• thewikiman July 5, 2011 at 11:45 AM

    Yep, and I also should have said – choose a meaningful name! If you’ve only got 5 followers it’s not too late to change… Anything with many numbers or a series of letters which don’t actually make a name etc, is probably bad, because ultimately you will meet people off twitter in real life.

    Also – I dunno how you feel about this with yours Katie? – but if I had my time again I’d probably use my actual name rather than taking the blog name and adapting it.

  • Mariette van Selm (@mvanselm) July 5, 2011 at 11:58 AM

    Useful advice from @therealwikiman: 3 essential things to do AS SOON AS YOU JOIN twitter…

  • Nicole Fonsh July 5, 2011 at 12:28 PM

    RT @theREALwikiman: 3 essential things to do AS SOON AS YOU JOIN twitter…

  • thewikiman July 5, 2011 at 4:21 PM

    I’ve thought of something else, too – remember that twitter status updates are not the same as Facebook ones. I don’t use Facebook but it appears most status updates there are done in the 3rd person, whereas Tweets are generally first-person.

    So for whatever reason tweeting stuff like “[@yourtwittername] is doing such and such” is something which can make some people a bit sniffy…

    I don’t really know why. Writing it down makes it sounds worse than it is You can do whatever you want, of course – just to warn you what people like and don’t like. :)

  • Ned Potter July 5, 2011 at 4:48 PM

    Now working again! And with added comments! 3 essential things to do AS SOON AS YOU JOIN twitter…

  • James Mullan July 5, 2011 at 5:45 PM

    Now working again! And with added comments! 3 essential things to do AS SOON AS YOU JOIN twitter…

  • Katie Birkwood July 5, 2011 at 6:01 PM

    I’m not sure about the name thing, Ned. Yes, it’s definitely good to have something pronounceable. It’s as well to keep it as short as poss, too, so that there’s not too much of the tweet taken up with names (I’d say therealwikiman is a bit on the long side). I’m not sure about whether I’d choose to use my name, though, but maybe from perosnal reasons – there are a million Katies everywhere, and I’m not a massive fan of being called by my surname, so it’d be difficult to find something suitable.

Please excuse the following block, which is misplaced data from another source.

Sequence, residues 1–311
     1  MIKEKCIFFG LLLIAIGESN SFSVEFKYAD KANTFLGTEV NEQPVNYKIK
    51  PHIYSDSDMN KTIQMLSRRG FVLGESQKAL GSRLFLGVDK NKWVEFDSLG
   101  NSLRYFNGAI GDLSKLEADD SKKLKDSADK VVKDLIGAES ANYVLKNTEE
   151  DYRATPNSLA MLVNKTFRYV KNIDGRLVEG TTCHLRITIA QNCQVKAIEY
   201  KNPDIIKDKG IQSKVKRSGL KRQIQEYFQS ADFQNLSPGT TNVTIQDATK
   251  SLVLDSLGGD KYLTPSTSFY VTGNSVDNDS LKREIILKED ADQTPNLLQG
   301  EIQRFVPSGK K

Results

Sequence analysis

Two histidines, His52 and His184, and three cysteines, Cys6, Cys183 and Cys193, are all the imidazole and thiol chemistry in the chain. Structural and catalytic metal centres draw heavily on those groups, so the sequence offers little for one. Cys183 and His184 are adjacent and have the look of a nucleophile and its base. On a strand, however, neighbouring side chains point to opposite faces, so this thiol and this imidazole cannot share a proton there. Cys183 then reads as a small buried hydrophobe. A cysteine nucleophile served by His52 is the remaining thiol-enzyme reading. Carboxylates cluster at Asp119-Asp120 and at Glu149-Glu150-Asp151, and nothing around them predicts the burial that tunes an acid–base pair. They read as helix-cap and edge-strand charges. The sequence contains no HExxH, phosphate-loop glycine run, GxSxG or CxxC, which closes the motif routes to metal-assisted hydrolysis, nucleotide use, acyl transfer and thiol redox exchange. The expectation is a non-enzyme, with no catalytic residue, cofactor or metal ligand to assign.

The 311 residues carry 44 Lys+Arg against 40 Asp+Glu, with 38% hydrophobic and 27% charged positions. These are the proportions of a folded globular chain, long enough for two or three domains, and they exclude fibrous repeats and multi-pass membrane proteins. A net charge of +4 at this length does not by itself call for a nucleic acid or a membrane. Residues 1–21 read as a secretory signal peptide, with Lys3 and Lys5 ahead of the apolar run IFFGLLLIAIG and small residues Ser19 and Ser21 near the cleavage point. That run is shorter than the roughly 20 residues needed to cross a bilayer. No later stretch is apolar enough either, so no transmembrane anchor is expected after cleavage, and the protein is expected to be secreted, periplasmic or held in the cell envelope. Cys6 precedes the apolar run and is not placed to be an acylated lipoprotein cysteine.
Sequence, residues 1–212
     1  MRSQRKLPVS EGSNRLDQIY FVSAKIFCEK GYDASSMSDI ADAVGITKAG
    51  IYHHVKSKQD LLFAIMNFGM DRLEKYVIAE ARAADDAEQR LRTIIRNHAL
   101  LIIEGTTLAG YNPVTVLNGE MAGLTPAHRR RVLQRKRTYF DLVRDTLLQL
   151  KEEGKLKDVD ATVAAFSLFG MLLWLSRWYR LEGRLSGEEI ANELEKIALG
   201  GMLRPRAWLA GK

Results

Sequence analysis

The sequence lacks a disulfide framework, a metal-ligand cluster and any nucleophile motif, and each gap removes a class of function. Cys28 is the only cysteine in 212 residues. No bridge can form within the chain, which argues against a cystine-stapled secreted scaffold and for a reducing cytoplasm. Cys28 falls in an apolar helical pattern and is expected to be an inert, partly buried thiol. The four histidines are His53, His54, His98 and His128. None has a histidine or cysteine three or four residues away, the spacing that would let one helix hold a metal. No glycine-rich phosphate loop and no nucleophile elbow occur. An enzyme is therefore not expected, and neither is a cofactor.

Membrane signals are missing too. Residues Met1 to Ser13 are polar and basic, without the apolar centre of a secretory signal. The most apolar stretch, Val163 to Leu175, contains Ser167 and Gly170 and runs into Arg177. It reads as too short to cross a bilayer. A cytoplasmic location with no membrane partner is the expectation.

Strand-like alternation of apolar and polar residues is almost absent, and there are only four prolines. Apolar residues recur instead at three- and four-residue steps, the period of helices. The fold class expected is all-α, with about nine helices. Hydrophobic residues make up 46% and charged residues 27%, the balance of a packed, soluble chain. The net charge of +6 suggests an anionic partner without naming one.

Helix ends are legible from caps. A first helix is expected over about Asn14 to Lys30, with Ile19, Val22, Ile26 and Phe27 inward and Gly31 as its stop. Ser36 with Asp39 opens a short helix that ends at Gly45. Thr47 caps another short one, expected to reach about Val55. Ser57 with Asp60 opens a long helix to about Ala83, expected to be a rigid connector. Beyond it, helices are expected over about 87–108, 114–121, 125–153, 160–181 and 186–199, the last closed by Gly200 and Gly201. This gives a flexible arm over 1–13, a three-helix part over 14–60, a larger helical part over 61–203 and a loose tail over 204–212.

• Angela July 5, 2011 at 10:31 PM

    Hi, have ventured into the world of twitter and found your post really useful so will now just have to see where it all takes me.

  • Ian July 5, 2011 at 11:58 PM

    Agree about username. I was chuffed when I got mine as it was my first choice. Even happier when I ‘got’ Twitter and found a short username had its benefits! Plus it is easy to identify me…although this isn’t always a good thing :)

  • thewikiman July 6, 2011 at 7:50 AM

    Hey Katie, thanks for the reply – different things work for different people, definitely. I guess KatieBirkwood would’ve been quite long as a username too – theREALwikiman is definitely too long, but of course I had no idea what I was doing when I signed up. :) Mind you, the account of @NedPotter is so awesome I’m almost glad it was already taken – check that guy out.

  • thewikiman July 6, 2011 at 7:51 AM

    Angela, welcome to the world of twitter! Really glad this post was useful. Make sure you stick with twitter for at least a few months as it takes time to build up a network and really start to get all the benefits, but it really is worth it… :)

  • thewikiman July 6, 2011 at 7:52 AM

    Ha, easy to blame, Ian! I like the idea of @thoughtsofawannabelibrarian as a username, dunno what your problem is.. ;-)

  • Ned Potter July 6, 2011 at 9:21 AM

    And for any #cpd23-ers that missed this yesterday – 3 essential things to do AS SOON AS YOU JOIN twitter…

  • meimaimaggio July 6, 2011 at 9:37 PM

    Fantastic advice here!